Oliver Nassar

I can be reached at onassar@gmail.com.

For my open source work, check out github.com/onassar


GitHub Project: PHP-StripeOAuth

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This was a fun one. PHP-StripeOAuth, which I developed for the integration of Stripe into the payment system/flow at Skillshare, got me pretty intimately familiar with OAuth, which is something I've been meaning to better understand.

Quick note:
The Stripe: Integrating OAuth documentation, along with their amazing support, got me exceptionally far.

What is this?

PHP-StripeOAuth is an OAuth helper class. It is based off of quizlet's oauth2-php library, and meant to wrap most of the overhead logic required for an OAuth2 client connection.

Specifically, it works within the Stripe Application environment. Stripe has developed the ability for developers to create Stripe applications. People (teachers, in Skillshare's case) can then "grant" your application to act on their behalf.

Acting on behalf of a Stripe member allows you to accept payments for them. This library facilitates the connecting of a Stripe member's Stripe account through the OAuth2 framework.

Why did I develop it?

My experience with Stripe has arguably been the best experience I've had with a 3rd-party API. The only place I thought there was room for improvement was providing a library or set of helpers for going through the OAuth2 flow for connecting a person's Stripe Account with your platform. Well, to be specific, in PHP.

I didn't want to perform raw curl calls in PHP, as it didn't seem to be too scalable incase anything changed on Stripe's side.

What's included?

This library includes two classes. One (StripeOAuth2Client) which extends the open-source OAuth2Client library, to get access to the raw request response.
A second, StripeOAuth, which acts as a helper and wraps commonly used Stripe OAuth functionality.

StripeOAuth includes the following public methods:

StripeOAuth2Client includes the following public method (but, generally, shouldn't need to be accessed):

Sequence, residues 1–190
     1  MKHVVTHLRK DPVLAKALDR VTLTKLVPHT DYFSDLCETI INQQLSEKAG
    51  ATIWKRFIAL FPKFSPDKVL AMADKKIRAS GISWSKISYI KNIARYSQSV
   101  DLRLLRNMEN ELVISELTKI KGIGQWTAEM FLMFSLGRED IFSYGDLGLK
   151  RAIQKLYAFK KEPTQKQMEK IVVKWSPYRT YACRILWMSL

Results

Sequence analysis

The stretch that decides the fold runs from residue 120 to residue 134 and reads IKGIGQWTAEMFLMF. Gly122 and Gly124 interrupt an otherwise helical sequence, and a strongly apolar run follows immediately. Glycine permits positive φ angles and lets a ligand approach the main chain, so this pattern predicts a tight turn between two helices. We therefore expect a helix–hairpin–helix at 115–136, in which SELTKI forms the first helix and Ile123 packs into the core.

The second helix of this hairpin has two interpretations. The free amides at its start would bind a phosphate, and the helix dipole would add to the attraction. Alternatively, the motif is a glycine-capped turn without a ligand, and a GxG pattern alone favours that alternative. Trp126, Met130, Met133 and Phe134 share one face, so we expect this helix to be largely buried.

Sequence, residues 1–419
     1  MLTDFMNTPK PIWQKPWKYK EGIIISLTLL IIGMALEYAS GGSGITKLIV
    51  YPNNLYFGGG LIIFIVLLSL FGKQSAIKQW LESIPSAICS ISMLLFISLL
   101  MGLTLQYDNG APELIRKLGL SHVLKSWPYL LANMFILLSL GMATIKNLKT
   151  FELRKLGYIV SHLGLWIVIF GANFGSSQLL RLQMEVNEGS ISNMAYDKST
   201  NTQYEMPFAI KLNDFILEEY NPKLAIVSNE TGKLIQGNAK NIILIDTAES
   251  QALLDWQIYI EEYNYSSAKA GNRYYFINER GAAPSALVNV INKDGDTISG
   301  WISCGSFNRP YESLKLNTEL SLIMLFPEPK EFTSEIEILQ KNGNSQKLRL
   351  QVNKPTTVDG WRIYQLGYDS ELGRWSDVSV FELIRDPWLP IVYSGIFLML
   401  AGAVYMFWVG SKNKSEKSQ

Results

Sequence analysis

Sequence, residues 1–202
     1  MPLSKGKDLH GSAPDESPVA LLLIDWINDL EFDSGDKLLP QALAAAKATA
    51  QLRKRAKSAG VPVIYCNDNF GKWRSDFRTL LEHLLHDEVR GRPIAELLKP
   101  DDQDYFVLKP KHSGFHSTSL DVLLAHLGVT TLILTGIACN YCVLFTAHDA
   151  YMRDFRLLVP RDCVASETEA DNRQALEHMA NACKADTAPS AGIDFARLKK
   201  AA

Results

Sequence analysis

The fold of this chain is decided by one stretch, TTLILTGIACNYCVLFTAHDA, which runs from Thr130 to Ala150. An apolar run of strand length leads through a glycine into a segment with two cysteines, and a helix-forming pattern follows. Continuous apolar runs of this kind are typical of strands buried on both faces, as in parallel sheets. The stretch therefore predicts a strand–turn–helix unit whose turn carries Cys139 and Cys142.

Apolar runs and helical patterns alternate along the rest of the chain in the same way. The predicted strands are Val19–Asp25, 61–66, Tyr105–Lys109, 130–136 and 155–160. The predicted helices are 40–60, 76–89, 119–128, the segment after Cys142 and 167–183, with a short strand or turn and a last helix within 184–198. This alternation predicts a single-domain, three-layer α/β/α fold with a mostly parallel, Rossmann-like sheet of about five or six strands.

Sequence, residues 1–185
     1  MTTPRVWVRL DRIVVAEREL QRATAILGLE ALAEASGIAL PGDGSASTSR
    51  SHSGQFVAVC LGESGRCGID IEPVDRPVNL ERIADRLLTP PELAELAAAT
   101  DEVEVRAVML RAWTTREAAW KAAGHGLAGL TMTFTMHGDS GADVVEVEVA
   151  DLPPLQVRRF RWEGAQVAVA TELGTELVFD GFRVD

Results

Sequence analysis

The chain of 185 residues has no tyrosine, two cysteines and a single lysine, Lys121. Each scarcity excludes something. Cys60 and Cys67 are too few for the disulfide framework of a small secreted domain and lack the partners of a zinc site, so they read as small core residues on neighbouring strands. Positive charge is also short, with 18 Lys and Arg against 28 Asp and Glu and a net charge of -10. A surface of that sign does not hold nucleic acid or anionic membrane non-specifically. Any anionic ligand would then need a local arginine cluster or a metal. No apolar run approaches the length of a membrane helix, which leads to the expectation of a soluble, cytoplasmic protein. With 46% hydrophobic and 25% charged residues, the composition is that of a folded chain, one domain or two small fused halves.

How do I use it?

This library assumes you're familiar with the Stripe API, and have a basic understanding of how OAuth (maybe specifically OAuth2) flow works. The article Introducing OAuth 2.0 includes more than you should need to know (better too much information than not enough :)

Other than that, check out the example above. A nicety of the flow, is that you don't need to develop on an internet-connected server. Stripe redirects browsers to endpoints, so you should be able to test your entire flow within your local machine development environment.

Why did I abstract it out?

I didn't want to do raw curl calls, as can be seen in this gist. Nothing against that snippet, but I wanted to use a trusted library (in this case, the OAuth2 client I'm using) to handle all that.

I figure this is clean, and can be modified properly for any changes Stripe makes to it's flow.

For example, when I wrote this library, I wrote it for Stripe's 1.7.2 PHP SDK. It's now up to 1.7.7, and already fixes a few things that were hiccups for me when writing this library.

Refresh Tokens

Refresh tokens were a little tough for me to wrap my head around.
When you get permissions to act on behalf of a Stripe account, you set the scope of those permissions (eg. read, write, etc.). A refresh token, which is received when requesting an access token, can be used to make subsequent requests under the same, or lesser, scope.

The logic of this seems to be that you can maintain multiple access tokens. For example, one for reading, and one for reading & writing. Your application could then choose which to use under which situation and keep them separate (for security reasons).

I'm sure there are more practical reasons for this that I can't think of, but luckily, I don't need this at the moment.

Gotchas

While the Stripe API itself has very few peculiarities to it, the OAuth flow only had one that I could think of. Specifically, the OAuth2 client library currently being used does not get you access to the body of the response.

Why is this needed? Because Stripe includes a bunch of important information in the initial connection response, such as:

Shoutout

Eric Ma: Thanks for your help in guiding me through some of the intricacies of OAuth :)

Todo